His gaze went to Jude, and his expression hardened. “What is a promise from a mortal wife worth? I suppose I have my answer.”
Mom turned. At her mother’s look, Jude dashed into the living room.
Taryn was still sleeping. The television was still on. Vivienne looked up with half-lidded cat eyes. “Who’s at the door?” she asked. “I heard arguing.”
“A scary man,” Jude told her, out of breath even though she’d barely run at all. Her heart was pounding. “We’re supposed to go upstairs.”
She didn’t care that Mom had told only her to go upstairs. She wasn’t going by herself. With a sigh, Vivi unfolded from the couch and shook Taryn awake. Drowsily, Jude’s twin followed them into the hallway.
As they started toward the carpet-covered steps, Jude saw her father come in from the back garden. He held an axe in his hand—forged to be a near replica of one he’d studied in a museum in Iceland. It wasn’t weird to see Dad with an axe. He and his friends were into old weapons and would spend lots of time talking about “material culture” and sketching ideas for fantastical blades. What was odd was the way he held the weapon, as if he was going to—
Her father swung the axe toward the tall man.
He had never raised a hand to discipline Jude or her sisters, even when they got into big trouble. He wouldn’t hurt anyone. He just wouldn’t.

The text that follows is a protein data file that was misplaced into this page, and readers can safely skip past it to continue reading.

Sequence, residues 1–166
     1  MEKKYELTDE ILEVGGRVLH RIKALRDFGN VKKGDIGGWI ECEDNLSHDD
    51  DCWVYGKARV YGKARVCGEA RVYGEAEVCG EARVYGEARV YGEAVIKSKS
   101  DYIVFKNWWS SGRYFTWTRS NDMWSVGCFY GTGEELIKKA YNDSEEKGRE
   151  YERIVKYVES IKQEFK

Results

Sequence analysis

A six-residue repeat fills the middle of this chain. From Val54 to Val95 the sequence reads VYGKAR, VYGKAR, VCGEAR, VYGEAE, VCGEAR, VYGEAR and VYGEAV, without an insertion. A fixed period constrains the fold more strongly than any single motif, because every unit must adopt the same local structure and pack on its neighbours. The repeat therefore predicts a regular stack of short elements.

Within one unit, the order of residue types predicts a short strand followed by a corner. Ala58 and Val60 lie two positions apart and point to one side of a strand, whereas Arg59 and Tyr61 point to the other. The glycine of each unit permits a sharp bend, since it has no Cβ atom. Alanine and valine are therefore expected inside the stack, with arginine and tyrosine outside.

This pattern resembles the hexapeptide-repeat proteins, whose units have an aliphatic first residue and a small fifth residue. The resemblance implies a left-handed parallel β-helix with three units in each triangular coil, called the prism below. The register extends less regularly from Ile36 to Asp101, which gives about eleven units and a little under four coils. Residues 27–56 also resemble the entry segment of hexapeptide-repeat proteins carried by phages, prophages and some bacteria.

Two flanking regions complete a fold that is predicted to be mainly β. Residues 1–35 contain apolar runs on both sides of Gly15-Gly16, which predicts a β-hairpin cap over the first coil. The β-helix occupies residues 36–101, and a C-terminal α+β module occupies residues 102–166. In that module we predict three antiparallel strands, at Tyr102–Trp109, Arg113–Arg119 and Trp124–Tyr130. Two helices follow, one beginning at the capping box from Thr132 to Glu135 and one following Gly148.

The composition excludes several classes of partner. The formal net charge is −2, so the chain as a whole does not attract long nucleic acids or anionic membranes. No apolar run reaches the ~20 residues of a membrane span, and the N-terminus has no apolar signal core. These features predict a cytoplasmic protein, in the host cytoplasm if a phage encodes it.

And yet. And yet.
The axe went past the tall man, biting into the wood trim of the door.
Taryn made an odd, high keening noise and slapped her palms over her mouth.
The tall man drew a curved blade from beneath his leather coat. A sword, like from a storybook. Dad was trying to pull the axe free from the doorframe when the man plunged the sword into Dad’s stomach, pushing it upward. There was a sound, like sticks snapping, and an animal cry. Dad fell to the vestibule carpet, the one Mom always yelled about when they tracked mud on it.
The rug that was turning red.
Mom screamed. Jude screamed. Taryn and Vivi screamed. Everyone seemed to be screaming, except the tall man.
“Come here,” he said, looking directly at Vivi.
“Y-you monster,” their mother shouted, moving toward the kitchen. “He’s dead!”
“Do not run from me,” the man told her. “Not after what you’ve done. If you run again, I swear I—”
But she did run. She was almost around the corner when his blade struck her in the back. She crumpled to the linoleum, falling arms knocking magnets off the fridge.
The smell of fresh blood was heavy in the air, like wet, hot metal. Like those scrubbing pads Mom used to clean the frying pan when stuff was really stuck on.
Jude ran at the man, slamming her fists against his chest, kicking at his legs. She wasn’t even scared. She wasn’t sure she felt anything at all.
The man paid Jude no mind. For a long moment, he just stood there, as though he couldn’t quite believe what he’d done. As though he wished he could take back the last five minutes. Then he sank to one knee and caught hold of Jude’s shoulders. He pinned her arms to her sides so she couldn’t hit him anymore, but he wasn’t even looking at her.
His gaze was on Vivienne.